So first off, The Beautiful Ones wasn’t what I was expecting. I thought Silvia Moreno-Garcia was a horror writer. Doing a quick online check, I see that she’s written a previous book featuring vampires and has been involved in several Lovecraftian anthologies, so I think I’m right about her horror roots. This book, however, isn’t horror. It’s a romance.
There’s nothing wrong with a writer trying out different genres, of course. I don’t stick to a single genre in my own writing, so I can’t criticize Moreno-Garcia for doing the same. I just mention this because I don’t usually read romance. Not being the intended audience for this book, I probably didn’t enjoy it as much as others will.
The setting of The Beautiful Ones is reminiscent of 19th century France. Victorian etiquette and manners are of supreme importance. There’s a lot of dancing and gossiping. Much detail is given to what people are wearing.
The story is told from the point of view of three different characters: Nina, Hector, and Valerie. Nina is a naive girl from the country who is being trained in the proper way a lady should dress and act by her cousin’s wife Valerie. We’re told her facial features are considered unattractive by the sophisticated city folk and she also doesn’t behave properly. Nina is searching for a perfect story book romance and thinks she finds it in the person of Hector.
Hector was once secretly engaged to Valerie and has been pining after her for the last ten years. In an effort to get closer to Valerie, he pretends to be interested in Nina and starts courting her. Valerie, who is a bit of a mean girl, is terrified her husband will find out she was once engaged to Hector since the scandal could ruin her. Thus the stage is set. In the end, Nina ends up discovering that love in real life isn’t the way it’s portrayed in stories.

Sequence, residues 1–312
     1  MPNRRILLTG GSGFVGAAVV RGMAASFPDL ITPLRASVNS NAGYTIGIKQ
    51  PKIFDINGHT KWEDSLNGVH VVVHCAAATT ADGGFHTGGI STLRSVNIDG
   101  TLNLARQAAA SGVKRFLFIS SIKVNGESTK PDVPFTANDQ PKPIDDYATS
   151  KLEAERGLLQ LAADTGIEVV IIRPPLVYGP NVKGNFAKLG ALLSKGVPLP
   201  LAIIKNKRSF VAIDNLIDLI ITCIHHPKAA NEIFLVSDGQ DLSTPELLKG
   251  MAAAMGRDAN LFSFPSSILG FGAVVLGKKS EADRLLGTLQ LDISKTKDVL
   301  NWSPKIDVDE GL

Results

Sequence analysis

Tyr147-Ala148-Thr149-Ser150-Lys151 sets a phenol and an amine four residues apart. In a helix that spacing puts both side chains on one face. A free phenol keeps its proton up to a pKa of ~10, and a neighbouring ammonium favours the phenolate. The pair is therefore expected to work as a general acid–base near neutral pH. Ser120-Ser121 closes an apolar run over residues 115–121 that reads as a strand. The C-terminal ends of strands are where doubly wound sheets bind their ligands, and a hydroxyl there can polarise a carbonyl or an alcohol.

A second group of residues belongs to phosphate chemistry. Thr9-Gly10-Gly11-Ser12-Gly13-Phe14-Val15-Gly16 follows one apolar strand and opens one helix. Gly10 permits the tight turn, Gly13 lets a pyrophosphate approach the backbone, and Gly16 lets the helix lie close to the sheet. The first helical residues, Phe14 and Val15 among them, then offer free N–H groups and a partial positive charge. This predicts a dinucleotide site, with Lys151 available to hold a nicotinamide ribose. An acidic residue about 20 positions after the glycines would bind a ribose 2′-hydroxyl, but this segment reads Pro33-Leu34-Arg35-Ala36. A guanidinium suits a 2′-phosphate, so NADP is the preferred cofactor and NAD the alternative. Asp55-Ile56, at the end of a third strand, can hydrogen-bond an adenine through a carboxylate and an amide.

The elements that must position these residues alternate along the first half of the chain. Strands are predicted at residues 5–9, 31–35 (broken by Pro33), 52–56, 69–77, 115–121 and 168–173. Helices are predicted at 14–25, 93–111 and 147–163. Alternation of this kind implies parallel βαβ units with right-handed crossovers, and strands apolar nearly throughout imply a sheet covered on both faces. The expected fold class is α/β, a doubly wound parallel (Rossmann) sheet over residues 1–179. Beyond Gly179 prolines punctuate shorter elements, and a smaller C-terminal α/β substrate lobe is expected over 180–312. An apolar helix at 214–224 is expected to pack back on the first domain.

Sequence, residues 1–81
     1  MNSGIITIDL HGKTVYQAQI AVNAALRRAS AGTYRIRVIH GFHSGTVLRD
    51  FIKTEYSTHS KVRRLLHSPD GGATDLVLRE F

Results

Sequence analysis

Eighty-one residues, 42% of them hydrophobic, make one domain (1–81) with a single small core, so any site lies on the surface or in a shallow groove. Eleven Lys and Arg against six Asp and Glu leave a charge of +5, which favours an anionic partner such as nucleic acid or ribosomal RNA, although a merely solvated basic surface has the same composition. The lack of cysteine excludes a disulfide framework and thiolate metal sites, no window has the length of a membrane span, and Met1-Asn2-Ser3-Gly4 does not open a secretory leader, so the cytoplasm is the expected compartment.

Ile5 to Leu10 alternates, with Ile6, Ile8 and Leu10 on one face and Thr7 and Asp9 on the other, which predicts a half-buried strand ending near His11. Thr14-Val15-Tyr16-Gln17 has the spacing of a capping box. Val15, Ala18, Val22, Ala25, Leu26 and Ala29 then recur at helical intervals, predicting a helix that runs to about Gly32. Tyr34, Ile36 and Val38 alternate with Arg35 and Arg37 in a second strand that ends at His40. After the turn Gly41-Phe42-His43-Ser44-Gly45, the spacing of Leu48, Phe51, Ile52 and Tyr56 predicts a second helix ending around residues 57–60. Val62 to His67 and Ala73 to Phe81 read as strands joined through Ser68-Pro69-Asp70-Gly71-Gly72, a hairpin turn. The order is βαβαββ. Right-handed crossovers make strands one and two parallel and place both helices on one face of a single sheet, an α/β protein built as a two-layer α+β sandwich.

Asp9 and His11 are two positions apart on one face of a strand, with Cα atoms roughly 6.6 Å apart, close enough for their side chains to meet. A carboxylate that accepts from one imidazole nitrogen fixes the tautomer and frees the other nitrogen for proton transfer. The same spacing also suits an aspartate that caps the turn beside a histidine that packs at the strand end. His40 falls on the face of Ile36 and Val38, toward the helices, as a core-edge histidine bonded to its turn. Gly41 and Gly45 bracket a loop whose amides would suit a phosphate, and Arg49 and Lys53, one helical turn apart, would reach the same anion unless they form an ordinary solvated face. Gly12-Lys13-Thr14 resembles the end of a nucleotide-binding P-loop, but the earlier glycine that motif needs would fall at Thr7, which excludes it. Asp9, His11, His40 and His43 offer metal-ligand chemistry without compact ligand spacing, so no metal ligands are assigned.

I personally found the story to be slow moving. There’s a lot of description of food, doilies, gardening, ballroom dances, and explanations of manners. There’s a speculative fiction element in that both Nina and Hector are telekinetic, however it’s largely unnecessary to the plot until we get to the end. We’re told what the characters are thinking, but I felt hearing their thoughts was often redundant since the reader would already know what they’re thinking most of the time.
In the same way Pride and Prejudice contains not just the story of Elizabeth and Mr. Darcy, but also the stories of her sisters, I think this book could have benefited from a subplot or two to keep things interesting. By focusing on a single story throughout, there’s less to keep the reader’s attention. I was bored often while reading this book, however, to be fair, this isn’t my type of thing.
On the plus side, I did like that the villain of the book was sympathetic and I felt the action did pick up towards the end. It’s well written, it just wasn’t my cup of tea.
The Beautiful Ones will be published on October 24th.